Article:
Yes, being the mother of an autistic son can be a challenge. But I wouldn’t trade him for the world. Would I see him ‘cured’ of the disability? In a heartbeat. Except you know what? I’ve found he’s a nicer person than a lot of normal people I’ve had the misfortune to meet.
A picture of CJ taken from a birthday cake. I think he’s a cutie. When he shaves the Shaggy (of Scooby-doo fame) scruff from his chin anyway.
Okay. Yes, I’m craving it again. No, I’m not pregnant. I’ll give you the stove top recipe, but I always cook the whole dish in my pressure cooker. Anyway, if you think you might like Chicken Stew and Dumplings, here ya go…
Brown 4 chicken leg quarters (with skin) in a bit of canola oil. Add a small pinch of sweet basil, 1 small bay leaf and salt to taste. Barely cover with water (I prefer chicken broth) and cook until tender.
While waiting, peel, cube and rinse about 6 potatoes. If you don’t have frozen carrot slices, peel and slice 3-4 of those, too. When chicken is ready, remove it from pan. Strain yucky stuff from broth and wipe pan out. Put the broth back and add veggies. Cook until almost tender.
While waiting for those, carefully separate meat from skin and bone. Be careful, it’s hot. This is also a good time to mix up your dumpling batter. You can follow the directions on a box of biscuit mix, or use the mix and add a little salt and enough milk to make it look right (my preference…hate dirtying measuring cups if I don’t have to).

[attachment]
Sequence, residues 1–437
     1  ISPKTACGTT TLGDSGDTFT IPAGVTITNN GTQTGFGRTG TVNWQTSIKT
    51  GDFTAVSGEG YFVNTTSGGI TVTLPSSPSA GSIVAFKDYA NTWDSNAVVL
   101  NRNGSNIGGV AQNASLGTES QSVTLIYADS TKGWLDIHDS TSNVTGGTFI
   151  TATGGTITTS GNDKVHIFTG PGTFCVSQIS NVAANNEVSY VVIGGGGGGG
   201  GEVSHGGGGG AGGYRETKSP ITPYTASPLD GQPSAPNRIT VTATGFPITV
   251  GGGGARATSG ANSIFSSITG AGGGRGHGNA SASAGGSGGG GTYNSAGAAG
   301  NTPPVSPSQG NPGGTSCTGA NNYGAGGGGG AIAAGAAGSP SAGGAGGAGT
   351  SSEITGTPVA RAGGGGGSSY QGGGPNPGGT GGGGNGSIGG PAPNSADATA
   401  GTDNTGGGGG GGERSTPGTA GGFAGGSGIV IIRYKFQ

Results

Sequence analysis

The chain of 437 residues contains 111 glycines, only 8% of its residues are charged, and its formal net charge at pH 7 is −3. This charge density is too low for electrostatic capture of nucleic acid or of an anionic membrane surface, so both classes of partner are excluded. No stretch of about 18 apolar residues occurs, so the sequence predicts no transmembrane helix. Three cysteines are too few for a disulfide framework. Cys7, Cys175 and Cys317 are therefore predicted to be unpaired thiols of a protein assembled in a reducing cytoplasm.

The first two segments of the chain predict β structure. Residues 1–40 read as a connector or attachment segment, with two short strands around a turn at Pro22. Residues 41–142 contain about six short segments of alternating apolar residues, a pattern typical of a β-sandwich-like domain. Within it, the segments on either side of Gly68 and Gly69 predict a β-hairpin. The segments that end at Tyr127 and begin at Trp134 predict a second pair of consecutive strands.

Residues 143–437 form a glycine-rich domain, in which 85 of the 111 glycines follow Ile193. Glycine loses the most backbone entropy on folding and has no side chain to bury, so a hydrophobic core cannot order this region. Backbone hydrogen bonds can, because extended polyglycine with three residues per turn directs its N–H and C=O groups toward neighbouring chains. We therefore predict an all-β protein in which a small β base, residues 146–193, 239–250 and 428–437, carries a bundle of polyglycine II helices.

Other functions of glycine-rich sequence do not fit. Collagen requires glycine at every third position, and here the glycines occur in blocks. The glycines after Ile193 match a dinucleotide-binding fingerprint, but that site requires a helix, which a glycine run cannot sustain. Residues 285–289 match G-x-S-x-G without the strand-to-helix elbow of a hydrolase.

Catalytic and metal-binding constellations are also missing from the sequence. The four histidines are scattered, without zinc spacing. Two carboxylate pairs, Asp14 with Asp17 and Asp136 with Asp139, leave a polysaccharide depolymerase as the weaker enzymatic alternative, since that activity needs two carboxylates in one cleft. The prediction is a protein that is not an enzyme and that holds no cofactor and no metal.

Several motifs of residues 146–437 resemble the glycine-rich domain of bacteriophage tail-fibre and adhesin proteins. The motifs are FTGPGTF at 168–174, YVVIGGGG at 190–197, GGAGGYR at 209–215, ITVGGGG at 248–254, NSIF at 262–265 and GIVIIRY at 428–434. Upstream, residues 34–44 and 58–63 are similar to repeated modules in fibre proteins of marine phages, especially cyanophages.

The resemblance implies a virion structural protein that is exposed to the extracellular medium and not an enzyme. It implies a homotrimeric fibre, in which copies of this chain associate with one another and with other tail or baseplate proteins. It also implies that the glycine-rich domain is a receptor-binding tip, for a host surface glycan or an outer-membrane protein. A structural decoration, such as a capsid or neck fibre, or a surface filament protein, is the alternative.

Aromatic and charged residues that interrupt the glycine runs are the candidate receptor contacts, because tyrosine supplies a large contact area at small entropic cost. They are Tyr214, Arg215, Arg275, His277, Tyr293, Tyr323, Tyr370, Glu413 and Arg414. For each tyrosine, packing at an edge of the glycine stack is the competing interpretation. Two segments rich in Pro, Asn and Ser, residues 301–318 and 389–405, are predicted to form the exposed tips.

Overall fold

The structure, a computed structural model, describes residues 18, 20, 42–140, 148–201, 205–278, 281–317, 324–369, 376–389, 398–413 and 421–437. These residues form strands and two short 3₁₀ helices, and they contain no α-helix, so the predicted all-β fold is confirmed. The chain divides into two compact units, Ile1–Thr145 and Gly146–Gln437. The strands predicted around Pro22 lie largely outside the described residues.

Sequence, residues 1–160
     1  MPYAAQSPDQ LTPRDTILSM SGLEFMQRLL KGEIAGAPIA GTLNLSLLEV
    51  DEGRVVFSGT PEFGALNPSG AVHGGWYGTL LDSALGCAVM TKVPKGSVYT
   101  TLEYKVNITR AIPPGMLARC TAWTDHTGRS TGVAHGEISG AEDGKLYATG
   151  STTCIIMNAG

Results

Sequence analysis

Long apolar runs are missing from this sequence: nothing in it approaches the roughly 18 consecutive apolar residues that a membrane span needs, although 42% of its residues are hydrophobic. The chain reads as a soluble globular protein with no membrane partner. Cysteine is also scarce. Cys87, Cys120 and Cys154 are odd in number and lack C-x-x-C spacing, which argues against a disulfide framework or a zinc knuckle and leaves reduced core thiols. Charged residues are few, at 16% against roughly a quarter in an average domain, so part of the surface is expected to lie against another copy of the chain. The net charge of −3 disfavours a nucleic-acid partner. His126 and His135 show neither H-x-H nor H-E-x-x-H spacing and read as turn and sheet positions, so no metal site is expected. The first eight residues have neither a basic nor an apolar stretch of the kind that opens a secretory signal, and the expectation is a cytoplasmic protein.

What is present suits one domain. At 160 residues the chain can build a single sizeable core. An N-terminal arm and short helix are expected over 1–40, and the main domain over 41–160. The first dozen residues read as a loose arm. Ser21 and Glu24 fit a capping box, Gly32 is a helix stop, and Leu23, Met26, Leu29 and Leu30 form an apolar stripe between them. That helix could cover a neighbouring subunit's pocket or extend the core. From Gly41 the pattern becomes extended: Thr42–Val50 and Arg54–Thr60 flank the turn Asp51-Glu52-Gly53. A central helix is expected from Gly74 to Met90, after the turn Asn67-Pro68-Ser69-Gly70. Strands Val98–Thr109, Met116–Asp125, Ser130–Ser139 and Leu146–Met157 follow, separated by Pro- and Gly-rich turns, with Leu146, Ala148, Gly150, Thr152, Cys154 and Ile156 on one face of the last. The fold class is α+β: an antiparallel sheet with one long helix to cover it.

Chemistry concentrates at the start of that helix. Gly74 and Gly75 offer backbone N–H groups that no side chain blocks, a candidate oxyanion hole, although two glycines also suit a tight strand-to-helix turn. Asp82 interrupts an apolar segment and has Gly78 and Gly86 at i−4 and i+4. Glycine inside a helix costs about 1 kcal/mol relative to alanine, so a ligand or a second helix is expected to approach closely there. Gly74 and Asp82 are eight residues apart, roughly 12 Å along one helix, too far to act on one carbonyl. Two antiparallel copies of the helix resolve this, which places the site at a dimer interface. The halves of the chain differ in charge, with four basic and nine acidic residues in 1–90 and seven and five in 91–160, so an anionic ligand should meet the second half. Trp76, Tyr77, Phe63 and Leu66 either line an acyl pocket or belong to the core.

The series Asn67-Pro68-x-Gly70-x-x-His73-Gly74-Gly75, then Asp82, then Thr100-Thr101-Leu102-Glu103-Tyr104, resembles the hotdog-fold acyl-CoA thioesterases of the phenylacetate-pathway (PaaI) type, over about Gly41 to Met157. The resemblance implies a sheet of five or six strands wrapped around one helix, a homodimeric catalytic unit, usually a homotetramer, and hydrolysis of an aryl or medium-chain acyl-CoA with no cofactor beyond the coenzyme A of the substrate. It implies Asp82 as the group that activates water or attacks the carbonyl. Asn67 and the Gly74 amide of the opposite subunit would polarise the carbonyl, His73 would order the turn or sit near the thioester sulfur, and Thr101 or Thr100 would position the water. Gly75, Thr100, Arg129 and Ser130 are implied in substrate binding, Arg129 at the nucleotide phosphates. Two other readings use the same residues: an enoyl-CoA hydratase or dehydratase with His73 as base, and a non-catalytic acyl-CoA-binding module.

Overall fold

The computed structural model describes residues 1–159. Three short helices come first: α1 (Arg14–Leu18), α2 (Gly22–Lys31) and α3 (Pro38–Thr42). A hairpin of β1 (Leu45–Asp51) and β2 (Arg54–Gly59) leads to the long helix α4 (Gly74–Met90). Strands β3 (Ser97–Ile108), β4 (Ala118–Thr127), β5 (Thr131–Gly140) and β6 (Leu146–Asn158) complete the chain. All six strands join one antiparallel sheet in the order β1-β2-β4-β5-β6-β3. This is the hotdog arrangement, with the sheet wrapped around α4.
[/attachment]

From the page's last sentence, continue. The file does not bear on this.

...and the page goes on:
When veggies are nearly done, add the pieces of chicken and stir. Spoon dumpling batter into boiling broth, cover, turn heat to simmer and set the timer for about 20 minutes.
I always hated chicken stew until I tried it with the leg quarters. Apparently the dark meat, leaving the skin on and browning it really makes the difference. Well, so does the bay leaf. But I seriously love this meal!
Thanks, Debra. 🙂
I don’t envy you having to deal with a biting problem. It was hard enough trying to explain the whole spitting thing to strangers, lol.
Love the movie/video score serenades. I don’t get to hear that, but I swear CJ can remember dialog from so many things he’s seen that it drives me nuts. He’s forever coming out to my office and rattling off a line (or twenty), then asking me to guess which movie it’s from. The only problem is, I don’t watch nearly as many as he does so he’s often quite disgusted with me.